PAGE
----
Homeowners Insurance and Liability Coverage: What You Need to Know

Homeowners Insurance and Liability Coverage: What You Need to Know > Homeowners Insurance and Liability Coverage: What You Need to Know

Homeowners Insurance and Liability Coverage: What You Need to Know

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Most people think of home insurance as the safety net for when the chimney catches fire, when the pipe bursts or when the alarms fail and burglars make off with all the valuables. However, there are some often-overlooked benefits of home insurance that can help you out of otherwise devastating financial situations.

One of the most important aspects of your home insurance policy is personal liability coverage. You might not expect to ever be sued for an accident that occurs on your property, but if you are, you could end up owing thousands of dollars in damages. Personal liability coverage helps to protect your personal assets should this situation ever arise.

Here's what you need to know about liability coverage for your home.

What's Covered by Your Policy?

You might be surprised by the extent of your personal liability coverage. Generally, these policies provide compensation for lawsuits resulting from accidents on your property. This compensation usually includes:

  • Pain and suffering claims. For injuries that cause lasting pain and emotional trauma, the costs can add up.
  • Lost wages. A person may lose work because of an injury.
  • Medical bills. These are often the most expensive part of a settlement.
  • Wrongful death payments. If a person is killed, their families can still be compensated financially for the loss.
However, personal injury compensation through your insurance can also help you stay covered when you're away from home. For example, if you attend a gym on a daily basis and accidentally injure another patron on the running track, that patron could bring a personal injury lawsuit against you. Your home insurance covers your own negligence in most accidents, even when you're not at home.

Every person in your home can enjoy this coverage. Your teens and children may cause accidents away from home, and your insurance can help bridge the gap. Even damage to property might be covered.

For example, if your teen was mowing the lawn and caught a large rock in the blades that was thrown into the window of the neighbor's home, liability coverage would also help to pay for the damage to the other person's property and any people who might have been injured by that damage (e.g. cuts from the glass).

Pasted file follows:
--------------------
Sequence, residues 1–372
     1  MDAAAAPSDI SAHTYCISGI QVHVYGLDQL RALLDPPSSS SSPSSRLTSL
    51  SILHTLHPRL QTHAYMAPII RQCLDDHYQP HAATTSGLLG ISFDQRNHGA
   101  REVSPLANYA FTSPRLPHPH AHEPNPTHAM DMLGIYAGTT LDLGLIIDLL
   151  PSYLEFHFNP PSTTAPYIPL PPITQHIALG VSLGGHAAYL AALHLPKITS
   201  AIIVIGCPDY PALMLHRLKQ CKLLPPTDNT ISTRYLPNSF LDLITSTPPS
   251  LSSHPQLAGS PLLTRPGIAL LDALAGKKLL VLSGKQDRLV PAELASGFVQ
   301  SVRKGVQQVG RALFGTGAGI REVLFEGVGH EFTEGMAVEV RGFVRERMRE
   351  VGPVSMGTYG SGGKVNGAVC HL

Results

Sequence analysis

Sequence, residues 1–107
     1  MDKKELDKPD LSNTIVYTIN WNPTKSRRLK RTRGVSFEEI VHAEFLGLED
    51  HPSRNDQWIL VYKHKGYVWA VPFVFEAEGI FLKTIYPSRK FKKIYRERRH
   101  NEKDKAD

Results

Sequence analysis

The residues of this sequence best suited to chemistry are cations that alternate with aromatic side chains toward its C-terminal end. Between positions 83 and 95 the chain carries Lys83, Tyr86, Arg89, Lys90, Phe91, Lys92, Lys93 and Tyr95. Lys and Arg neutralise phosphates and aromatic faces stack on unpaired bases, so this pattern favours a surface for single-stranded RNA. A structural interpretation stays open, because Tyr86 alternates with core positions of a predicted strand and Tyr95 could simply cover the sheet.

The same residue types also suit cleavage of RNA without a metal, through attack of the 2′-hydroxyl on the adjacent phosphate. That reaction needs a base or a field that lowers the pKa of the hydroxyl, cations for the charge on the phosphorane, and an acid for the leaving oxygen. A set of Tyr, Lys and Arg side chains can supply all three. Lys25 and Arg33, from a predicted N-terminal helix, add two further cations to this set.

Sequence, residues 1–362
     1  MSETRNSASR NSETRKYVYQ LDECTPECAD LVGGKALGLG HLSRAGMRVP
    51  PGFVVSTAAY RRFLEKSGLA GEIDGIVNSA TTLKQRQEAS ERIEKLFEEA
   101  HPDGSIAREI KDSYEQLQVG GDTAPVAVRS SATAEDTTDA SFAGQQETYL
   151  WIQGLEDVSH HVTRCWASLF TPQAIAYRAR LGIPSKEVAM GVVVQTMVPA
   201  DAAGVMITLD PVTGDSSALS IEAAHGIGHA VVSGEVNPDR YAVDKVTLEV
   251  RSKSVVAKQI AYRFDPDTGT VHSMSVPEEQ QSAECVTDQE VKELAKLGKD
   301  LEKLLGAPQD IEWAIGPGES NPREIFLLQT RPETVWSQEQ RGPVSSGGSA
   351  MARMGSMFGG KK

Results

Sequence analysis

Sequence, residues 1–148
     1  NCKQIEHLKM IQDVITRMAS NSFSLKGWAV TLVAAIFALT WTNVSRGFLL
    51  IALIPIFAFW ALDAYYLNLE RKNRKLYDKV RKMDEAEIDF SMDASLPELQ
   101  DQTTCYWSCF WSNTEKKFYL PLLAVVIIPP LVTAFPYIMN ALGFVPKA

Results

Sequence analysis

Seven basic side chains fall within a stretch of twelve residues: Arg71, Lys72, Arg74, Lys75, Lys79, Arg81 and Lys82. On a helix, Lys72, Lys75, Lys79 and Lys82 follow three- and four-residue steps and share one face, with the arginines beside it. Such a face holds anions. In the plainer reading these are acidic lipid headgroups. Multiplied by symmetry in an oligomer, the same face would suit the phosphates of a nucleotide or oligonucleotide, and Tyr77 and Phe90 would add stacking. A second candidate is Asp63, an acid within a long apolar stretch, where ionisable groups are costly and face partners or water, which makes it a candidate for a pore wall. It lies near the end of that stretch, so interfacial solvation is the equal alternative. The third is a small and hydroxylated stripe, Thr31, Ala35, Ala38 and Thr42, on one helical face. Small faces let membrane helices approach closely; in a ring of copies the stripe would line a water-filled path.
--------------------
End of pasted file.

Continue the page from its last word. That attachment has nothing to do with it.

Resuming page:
However, there are some limitations to personal liability coverage. While this coverage provides compensation for others who are injured on your property or by your actions, you cannot claim these benefits for yourself if you are injured at home.

Also, intentional actions against another person are not covered. For example, if you assault someone by throwing a punch, that person can sue you for personal injury, but your insurance would not usually be required to pick up the slack.

How Do You Know If You Have Enough Coverage?

Most home insurance policies do have a cap for how much the insurer will pay in damages. That cap may not be enough for some injuries, which can go into the millions for some types of more serious injuries. In order to know if you should increase your liability coverage through your insurance, you need to consider whether people are at a higher risk of injury when they visit your home.

Here are two common situations where increased coverage may be a good idea:

  • You have a swimming pool. Swimming pools increase the risk of injury and death to visitors exponentially. When you routinely have young children visiting to use the pool, extra coverage is not just a good idea -- it's essential. Average liability policies provide about $100,000 in coverage. Pool-related injuries can be much more expensive.
  • You have a higher-risk lifestyle. Visiting places like the gym or dance classes makes it more likely that you can injure someone else. If you routinely enjoy high-adventure activities like boating, rafting or gliding, it's also a good idea to increase your coverage.
  • Your property is vast and provides a number of more risky attractions. Farm equipment, untamed woods or many outbuildings can cause more incidents of injury.
  • You have pets and animals. Horses, dogs and farm animals like goats can bite and stomp. Dog bites may cause intense trauma, and injuries from horses can also be quite serious.
The best way to know if you have enough coverage and what the limits of your policy are is to talk with an insurance agent. You might find you want to improve your policy beyond the standard amount.

Will You Need Additional Coverage Beyond What Home Insurance Can Provide?

Sometimes, insurance providers only allow liability coverage through home insurance to go so high. After that, you might need to take out an additional policy. These policies are umbrella policies that provide much higher coverage at a reasonable monthly fee. Umbrella policies do also have some limitations: you can't use the policy to cover costs of injury that are linked with criminal activity.